Merging two companies can provide the firms with synergies and economies of scale that can lead to greater efficiency and profitability, but it is important to note that mergers can have a downside too. It may be harder for the combined organization to cooperate and communicate, and there's a risk that companies with a too-large market share will eliminate the competition and raise prices for consumers.
Clash of Cultures
When two firms merge, it is more than a coming together of two names or brands – it is a real merger of people who bring along a specific corporate culture. If two firms have very different corporate cultures, conflicts can arise. For example, if an innovative, entrepreneurial company with a flat hierarchy were to merge with a highly hierarchical, conservative and traditional organization, the employees in the new organization would be likely to have difficulties working together.
Diseconomies of Scale
When businesses merge, it is often to achieve economies of scale. Larger organizations are typically able to produce goods and services more efficiently and at a lower per-unit cost than smaller businesses because fixed costs are spread out over a larger number of units. This is not always the case, however. Sometimes when two firms merge, being larger will actually create dis-economies of scale, where per unit production costs increase because of increased coordination costs.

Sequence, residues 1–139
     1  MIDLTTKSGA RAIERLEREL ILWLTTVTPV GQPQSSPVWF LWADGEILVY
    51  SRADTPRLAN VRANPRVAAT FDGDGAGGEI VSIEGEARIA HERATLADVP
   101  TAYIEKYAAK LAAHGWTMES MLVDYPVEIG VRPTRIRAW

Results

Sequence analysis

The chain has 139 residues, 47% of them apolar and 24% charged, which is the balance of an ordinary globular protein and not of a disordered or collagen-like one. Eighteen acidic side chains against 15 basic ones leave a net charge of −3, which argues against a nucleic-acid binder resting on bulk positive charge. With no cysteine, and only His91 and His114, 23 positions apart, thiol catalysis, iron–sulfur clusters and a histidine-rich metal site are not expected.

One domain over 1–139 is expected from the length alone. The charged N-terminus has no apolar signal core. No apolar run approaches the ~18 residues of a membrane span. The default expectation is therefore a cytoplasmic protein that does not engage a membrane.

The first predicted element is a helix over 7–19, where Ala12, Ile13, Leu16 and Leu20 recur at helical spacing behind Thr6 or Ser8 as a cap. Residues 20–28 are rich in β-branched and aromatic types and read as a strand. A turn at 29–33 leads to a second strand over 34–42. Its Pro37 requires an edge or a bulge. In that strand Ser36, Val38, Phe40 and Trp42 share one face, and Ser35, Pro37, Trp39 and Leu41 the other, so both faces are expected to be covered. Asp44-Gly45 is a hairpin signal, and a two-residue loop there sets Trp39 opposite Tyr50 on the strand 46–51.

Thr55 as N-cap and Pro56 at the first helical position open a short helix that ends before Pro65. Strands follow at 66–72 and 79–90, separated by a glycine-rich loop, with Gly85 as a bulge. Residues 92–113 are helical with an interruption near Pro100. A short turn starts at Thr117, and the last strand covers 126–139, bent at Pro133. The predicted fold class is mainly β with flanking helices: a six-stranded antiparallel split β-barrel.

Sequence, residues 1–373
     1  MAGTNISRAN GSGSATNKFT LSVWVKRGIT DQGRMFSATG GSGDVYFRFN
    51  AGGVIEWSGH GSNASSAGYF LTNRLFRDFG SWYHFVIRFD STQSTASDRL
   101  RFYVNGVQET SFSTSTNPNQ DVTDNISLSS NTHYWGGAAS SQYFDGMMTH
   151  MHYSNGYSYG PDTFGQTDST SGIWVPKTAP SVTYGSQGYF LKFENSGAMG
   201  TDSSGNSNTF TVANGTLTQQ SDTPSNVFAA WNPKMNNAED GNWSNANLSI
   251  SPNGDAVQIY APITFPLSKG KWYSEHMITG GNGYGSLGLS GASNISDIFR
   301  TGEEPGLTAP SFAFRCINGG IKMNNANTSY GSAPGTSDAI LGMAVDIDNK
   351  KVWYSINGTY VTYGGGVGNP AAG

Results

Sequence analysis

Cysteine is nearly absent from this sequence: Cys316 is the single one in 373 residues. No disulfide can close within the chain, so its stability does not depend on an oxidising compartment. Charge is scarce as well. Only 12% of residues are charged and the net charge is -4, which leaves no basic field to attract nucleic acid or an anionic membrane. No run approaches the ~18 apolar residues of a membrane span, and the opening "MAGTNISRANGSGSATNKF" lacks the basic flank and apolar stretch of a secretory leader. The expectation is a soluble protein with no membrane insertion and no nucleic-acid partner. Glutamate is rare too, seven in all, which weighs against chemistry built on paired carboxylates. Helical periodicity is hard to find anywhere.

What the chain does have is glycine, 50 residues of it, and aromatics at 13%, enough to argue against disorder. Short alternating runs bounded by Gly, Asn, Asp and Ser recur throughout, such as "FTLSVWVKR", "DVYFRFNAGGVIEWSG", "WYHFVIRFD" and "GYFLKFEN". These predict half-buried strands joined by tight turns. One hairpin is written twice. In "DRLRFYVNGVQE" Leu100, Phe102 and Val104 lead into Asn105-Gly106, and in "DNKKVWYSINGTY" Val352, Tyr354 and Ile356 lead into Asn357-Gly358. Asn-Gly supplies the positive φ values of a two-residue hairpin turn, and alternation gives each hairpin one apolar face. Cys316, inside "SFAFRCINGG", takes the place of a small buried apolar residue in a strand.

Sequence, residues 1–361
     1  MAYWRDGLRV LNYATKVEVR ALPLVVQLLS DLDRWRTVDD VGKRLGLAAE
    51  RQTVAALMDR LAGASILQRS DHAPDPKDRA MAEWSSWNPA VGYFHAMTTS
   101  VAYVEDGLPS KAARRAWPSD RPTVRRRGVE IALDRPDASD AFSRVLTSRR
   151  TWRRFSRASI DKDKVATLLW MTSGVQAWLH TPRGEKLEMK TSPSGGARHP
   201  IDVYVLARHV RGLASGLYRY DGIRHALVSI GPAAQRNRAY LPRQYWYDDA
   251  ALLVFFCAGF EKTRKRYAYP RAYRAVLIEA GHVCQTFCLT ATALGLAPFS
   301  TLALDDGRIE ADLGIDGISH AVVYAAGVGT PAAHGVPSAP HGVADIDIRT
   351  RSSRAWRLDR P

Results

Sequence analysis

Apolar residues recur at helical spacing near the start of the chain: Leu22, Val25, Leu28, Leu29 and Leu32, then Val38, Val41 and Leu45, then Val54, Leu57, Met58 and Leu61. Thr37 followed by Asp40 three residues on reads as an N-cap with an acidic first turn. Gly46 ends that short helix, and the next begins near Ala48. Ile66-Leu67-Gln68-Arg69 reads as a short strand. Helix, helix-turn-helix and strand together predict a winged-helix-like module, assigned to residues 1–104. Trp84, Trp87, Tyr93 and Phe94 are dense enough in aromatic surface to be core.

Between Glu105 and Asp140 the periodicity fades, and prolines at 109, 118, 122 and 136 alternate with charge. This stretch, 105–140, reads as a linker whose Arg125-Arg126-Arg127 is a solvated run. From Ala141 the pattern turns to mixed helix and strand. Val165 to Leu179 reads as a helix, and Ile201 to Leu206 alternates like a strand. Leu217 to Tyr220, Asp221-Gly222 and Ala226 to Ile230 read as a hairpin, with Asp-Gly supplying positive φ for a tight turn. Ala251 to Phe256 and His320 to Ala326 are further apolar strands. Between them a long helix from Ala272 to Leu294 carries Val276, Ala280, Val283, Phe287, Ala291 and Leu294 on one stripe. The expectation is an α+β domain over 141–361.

When two companies merge, they need to consider how consumers view the two firms and whether or not they view them in a compatible way. For example, if an environmentally friendly soap company were to merge with an industrial detergent manufacturer with a poor environmental track record, it may alienate the customers of the environmentally friendly soap company who don't want to support a company that is not environmentally responsible.
The Layoffs Dilemma
Merging two businesses is often a good method for reducing the labor force of the two organizations. For instance, a company may combine its two offices into one and reduce the number of staff performing the same duties. While this can provide cost savings for the company, it can also have a negative effect on employees. Employees may become fearful of losing their job and may lose their trust in the organization. This can decrease employee motivation and reduce productivity.
Higher Consumer Prices
Price competition reflects competition in most cases. Monopolies are one big potential issue with company mergers. Even without monopoly creation within an industry, less competition often leads to increased pricing to consumers. While some increases reflect the increased costs involved in dis-economies, the ultimate result yields dissatisfaction to the buyers of goods and services. Business mergers often have to balance increased pricing with potential layoffs to prevent high consumer costs.
Wendel Clark began writing in 2006, with work published in academic journals such as "Babel" and "The Podium." He has worked in the field of management and is completing his master's degree in strategic management.